1. Establish a vaccine committee
Establishing a committee of key employees with legal, workplace safety, and human resources knowledge should be the first course of action to:
- Serve as a central point of contact
- Develop a formal vaccination plan and rollout
- Build education and communication materials
- Provide sign-up instructions for employees and identify locations for administering the vaccine
- Sign up for government registration
2. Figure out your place in the vaccine line
As the open vaccination season begins, employees of essential businesses will be the first to receive the vaccine. To determine whether your employees are essential or nonessential, you can connect with your local trade or industry association for more details if you are unsure.
3. Determine if you will mandate the vaccine
Depending on your specific business circumstances, you may consider whether or not to mandate the vaccine for a portion or all of your employees. To avoid legal issues, you should coordinate with your legal counsel to ensure you address factors such as accommodation, privacy, discrimination and other potential issues ahead of time.
4. If you don’t mandate, consider encouraging the vaccine
If you choose not to mandate the vaccine, you can adopt protocols to encourage your employees to get the vaccine. Work with your legal counsel to create a proper correspondence that reflects your encouragement.
5. Consider incentivizing the vaccine
Incentivizing the vaccine can be used as encouragement in place of a mandate. There are potential legal risks associated with wellness program rules, IRS requirements, Americans with Disabilities Act (ADA) and religious accommodations, financial limitations on incentives and notice requirements under the federal law. Consult your legal counsel for assistance in designing your incentives.
6. Create an effective education campaign
While concerns for the COVID-19 vaccine are understandable, addressing these concerns by providing educational materials sourced from the CDC or your local health authority can help alleviate these concerns. Remember to be as forthcoming as possible with this information.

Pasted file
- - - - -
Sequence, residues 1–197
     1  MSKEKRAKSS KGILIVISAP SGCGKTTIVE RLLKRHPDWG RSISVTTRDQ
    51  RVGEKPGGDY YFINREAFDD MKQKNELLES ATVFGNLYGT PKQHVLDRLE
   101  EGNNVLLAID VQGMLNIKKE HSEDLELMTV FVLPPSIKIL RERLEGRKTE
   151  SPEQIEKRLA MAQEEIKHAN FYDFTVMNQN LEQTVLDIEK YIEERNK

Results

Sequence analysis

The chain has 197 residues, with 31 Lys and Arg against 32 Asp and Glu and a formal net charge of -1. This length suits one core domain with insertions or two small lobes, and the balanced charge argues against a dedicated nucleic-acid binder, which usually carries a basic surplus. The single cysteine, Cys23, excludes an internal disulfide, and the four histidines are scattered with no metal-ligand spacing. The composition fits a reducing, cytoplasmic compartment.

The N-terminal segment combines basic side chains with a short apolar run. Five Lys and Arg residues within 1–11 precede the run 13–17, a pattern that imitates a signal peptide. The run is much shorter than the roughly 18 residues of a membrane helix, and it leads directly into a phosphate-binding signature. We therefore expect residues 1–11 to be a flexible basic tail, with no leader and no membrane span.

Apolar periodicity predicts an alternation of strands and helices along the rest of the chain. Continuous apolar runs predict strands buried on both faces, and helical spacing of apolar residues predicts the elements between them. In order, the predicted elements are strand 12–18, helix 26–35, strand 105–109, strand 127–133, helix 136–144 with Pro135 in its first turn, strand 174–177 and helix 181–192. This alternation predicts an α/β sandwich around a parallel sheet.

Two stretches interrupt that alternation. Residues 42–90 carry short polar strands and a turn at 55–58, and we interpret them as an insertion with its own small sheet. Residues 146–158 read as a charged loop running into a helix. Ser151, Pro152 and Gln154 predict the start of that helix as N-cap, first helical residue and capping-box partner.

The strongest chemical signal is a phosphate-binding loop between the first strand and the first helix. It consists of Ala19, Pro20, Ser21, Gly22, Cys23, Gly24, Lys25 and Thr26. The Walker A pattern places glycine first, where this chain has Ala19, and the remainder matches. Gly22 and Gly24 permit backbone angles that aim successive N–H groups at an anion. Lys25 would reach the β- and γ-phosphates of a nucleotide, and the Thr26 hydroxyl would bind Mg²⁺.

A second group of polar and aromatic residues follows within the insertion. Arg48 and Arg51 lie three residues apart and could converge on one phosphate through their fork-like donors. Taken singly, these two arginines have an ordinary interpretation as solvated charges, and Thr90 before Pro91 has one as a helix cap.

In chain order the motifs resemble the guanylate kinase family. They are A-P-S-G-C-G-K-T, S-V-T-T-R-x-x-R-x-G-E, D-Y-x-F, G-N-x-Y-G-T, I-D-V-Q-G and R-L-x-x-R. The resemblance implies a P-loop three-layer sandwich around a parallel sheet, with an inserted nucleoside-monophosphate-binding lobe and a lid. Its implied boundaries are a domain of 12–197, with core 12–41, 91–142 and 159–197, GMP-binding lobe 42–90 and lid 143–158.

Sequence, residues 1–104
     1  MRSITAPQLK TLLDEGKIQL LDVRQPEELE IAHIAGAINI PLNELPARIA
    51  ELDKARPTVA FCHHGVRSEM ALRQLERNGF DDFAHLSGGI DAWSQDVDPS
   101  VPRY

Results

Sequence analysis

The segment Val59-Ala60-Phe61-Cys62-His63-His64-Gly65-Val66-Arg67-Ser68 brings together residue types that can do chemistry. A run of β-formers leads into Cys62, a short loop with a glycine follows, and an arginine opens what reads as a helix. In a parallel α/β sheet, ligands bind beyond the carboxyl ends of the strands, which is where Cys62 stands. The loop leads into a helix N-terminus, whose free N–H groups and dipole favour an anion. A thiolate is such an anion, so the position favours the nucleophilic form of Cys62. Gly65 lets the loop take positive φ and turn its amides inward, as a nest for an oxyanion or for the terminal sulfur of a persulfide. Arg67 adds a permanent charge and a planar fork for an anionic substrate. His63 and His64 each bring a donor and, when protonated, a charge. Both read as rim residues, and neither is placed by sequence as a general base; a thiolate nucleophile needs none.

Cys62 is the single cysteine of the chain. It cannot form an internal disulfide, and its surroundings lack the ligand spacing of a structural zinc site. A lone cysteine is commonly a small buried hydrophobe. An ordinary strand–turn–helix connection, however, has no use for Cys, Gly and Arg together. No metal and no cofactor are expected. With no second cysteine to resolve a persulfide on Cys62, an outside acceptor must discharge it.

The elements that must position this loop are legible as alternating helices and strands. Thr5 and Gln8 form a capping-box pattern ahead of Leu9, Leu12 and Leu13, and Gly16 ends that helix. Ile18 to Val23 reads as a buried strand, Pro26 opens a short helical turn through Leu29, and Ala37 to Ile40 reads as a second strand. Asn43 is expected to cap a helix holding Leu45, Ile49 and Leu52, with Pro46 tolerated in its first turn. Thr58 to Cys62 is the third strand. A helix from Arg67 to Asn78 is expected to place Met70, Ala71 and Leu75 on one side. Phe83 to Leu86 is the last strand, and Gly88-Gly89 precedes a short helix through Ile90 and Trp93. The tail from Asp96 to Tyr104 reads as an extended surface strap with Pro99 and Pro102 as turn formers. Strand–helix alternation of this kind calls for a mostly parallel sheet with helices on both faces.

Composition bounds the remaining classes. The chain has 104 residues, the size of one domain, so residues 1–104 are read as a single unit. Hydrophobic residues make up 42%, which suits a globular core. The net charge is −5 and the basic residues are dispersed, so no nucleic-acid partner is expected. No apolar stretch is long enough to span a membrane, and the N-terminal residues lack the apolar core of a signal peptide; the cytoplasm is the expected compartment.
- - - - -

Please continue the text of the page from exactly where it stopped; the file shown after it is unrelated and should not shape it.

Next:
7. Consider on-site vaccinations
Larger employers might consider offering on-site vaccination centers by permitting healthcare personnel to administer the vaccine on company property. Be sure to consult your legal counsel regarding the potential issues of premise liability, privacy, confidentiality and more before establishing your on-property vaccination site.
8. Account for post-vaccination issues
It’s not uncommon for vaccine recipients to experience side effects following the second dose. You’ll need to proactively determine how to manage potential staff shortages by staggering vaccine appointments within departments, scheduling lighter days following the vaccine and potentially offering more paid time off.
9. Maintain safety measures in the workplace
It’s recommended that you require all employees, even those who have been vaccinated, to follow the CDC guidelines until otherwise notified by the CDC. This includes:
- Wearing face masks over nose and mouth
- Staying at least 6 feet away from others
- Avoiding crowds
- Avoiding poorly ventilated spaces
- Social distancing
- Washing hands often
10. Monitor vaccine developments closely
The nature of the pandemic and available vaccines continues to change rapidly, so it is extremely important for your company to monitor developments as they evolve.